the LARK

What is the LARK?

It is an acronym from:  Linux Advanced Resources and Knowledge

and is designed to deliver accurate information about Linux System Administration topics like: installing linux and managing software / using the shell / working with files / manipulating text / administering file-systems / backups and removable media / checking and managing running processes / managing the system / managing network connections / accessing network resources / doing remote system administration / locking down security and other cool stuff.

Thus, the LARK project came to life as it’s author decided to transform his old website dedicated to his books, into his “notebook” of Linux System Administration solutions while preparing for (inter)national certification. He decided to mainly use Ubuntu LTS and openSUSE Leap as his distributions of choice. Furthermore, this website will include mush more than just Linux administration subjects. Just stay tuned and read the upcoming articles in the Linux ToolBox section. Enjoy!

Nevertheless, this website would not have been possible without the help of dozens of resources available on-line and on paper. Thus the author would like to thank all the dedicated and talented individuals part of various Linux communities, who are spreading the knowledge about open source and free software.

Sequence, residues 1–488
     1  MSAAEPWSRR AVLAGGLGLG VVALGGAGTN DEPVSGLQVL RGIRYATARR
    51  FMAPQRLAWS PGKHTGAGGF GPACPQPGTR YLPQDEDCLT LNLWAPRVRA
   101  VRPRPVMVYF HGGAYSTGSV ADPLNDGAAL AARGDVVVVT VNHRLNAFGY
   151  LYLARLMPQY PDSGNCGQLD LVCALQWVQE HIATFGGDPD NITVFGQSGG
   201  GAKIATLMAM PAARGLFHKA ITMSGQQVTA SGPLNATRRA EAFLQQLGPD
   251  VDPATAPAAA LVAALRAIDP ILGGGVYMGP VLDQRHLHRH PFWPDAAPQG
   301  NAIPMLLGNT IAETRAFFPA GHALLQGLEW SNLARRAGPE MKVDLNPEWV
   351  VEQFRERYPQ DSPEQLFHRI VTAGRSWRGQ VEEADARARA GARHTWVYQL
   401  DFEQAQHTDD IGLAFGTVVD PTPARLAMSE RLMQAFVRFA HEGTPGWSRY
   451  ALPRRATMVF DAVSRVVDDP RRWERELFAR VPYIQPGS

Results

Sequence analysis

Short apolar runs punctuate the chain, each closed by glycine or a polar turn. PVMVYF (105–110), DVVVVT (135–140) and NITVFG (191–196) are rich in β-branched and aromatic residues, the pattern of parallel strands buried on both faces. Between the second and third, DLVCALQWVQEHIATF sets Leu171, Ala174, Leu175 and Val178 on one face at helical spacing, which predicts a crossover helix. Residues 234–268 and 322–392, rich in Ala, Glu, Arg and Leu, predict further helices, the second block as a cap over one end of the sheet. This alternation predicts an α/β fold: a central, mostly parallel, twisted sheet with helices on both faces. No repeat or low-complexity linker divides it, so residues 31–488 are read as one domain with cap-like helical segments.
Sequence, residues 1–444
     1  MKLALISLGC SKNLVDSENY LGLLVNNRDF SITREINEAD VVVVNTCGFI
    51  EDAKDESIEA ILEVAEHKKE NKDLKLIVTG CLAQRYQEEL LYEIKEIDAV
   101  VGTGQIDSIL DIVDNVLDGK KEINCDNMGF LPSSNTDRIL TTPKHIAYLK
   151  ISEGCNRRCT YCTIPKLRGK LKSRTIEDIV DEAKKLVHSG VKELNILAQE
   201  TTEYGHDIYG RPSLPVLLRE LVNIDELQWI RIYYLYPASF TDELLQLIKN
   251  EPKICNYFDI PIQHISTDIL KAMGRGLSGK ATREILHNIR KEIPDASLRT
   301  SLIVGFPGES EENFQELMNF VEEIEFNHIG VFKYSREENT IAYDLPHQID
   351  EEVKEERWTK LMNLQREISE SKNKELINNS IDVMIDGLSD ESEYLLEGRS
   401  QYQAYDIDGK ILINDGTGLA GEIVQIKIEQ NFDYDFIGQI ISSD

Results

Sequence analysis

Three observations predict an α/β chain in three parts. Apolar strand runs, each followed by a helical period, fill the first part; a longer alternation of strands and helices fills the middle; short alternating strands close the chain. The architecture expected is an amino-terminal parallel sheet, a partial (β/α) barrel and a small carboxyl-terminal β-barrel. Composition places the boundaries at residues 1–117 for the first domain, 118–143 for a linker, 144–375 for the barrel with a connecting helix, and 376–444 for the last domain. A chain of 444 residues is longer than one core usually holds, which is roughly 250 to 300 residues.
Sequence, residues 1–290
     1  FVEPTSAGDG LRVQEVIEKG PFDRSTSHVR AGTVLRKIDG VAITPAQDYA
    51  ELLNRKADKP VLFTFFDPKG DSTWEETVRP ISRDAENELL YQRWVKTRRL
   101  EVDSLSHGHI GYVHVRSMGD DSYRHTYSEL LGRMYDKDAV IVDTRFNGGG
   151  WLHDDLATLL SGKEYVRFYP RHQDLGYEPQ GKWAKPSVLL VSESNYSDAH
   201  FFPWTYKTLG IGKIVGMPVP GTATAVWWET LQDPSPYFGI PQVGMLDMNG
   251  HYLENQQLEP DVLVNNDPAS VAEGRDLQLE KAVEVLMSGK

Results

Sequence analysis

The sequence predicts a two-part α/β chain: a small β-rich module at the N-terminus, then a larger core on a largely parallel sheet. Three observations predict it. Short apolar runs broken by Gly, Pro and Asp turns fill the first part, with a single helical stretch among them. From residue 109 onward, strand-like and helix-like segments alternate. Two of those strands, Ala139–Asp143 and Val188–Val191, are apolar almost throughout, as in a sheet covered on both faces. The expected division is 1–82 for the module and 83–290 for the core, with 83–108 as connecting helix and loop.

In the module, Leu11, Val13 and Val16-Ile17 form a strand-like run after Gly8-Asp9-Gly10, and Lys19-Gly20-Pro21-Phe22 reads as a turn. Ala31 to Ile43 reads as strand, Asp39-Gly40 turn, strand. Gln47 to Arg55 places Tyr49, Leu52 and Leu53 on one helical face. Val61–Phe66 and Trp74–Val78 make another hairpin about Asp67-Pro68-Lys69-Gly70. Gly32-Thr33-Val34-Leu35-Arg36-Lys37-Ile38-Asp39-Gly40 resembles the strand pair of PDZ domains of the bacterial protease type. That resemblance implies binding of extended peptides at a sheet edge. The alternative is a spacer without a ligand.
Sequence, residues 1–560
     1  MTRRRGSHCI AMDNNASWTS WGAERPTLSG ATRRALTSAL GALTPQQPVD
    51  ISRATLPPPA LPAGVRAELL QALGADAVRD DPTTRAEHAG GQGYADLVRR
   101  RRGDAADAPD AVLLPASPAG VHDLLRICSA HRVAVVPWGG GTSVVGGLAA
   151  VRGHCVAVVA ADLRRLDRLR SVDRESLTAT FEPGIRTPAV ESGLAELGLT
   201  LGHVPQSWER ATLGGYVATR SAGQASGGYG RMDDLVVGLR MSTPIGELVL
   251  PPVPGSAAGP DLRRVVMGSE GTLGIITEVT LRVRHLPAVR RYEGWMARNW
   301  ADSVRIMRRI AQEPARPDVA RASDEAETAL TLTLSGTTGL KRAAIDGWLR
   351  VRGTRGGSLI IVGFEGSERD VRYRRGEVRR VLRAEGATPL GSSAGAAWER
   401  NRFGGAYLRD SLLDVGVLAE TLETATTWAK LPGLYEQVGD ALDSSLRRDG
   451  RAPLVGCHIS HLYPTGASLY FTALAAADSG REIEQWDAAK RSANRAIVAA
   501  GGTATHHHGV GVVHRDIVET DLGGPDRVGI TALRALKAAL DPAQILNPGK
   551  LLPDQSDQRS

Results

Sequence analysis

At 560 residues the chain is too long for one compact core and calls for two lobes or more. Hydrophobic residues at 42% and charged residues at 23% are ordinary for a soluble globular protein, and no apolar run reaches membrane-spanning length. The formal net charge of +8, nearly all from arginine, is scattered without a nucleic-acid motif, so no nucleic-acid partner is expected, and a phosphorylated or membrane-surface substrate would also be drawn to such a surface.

What else?

According to Dictionary.com website, a lark is, (besides “any of numerous, chiefly Old World oscine birds, of the family Alaudidae, characterized by an unusually long, straight hind claw, especially the skylark, Alauda arvensis”),  “something extremely easy to accomplish, succeed in, or to obtain“.

Linux ToolBox

About the Author

The Author.

Alexandru Calcatinge is an architect driven by the Open Source Software ideology. He is a graduate in Architecture and has a PhD in Urban Planning. He loves to use open-source software and writes “how-to” articles related to Linux administration using Ubuntu LTS and openSUSE  Leap – his Linux distributions of choice when it comes to stability, usability and security.

Currently, he is a University Lecturer in Urban Planning,  teaching History of Architecture and Urbanism, Design Studios, Architectural Programming and Cultural Landscapes and Development. He published several books on Cultural Landscape studies (hence the Cultural Landscape section of this website) and in his spare time he is using his skills in Linux System and Network Administration.

Cultural Landscapes

Just for fun. Some old stuff to take a break from Linux.

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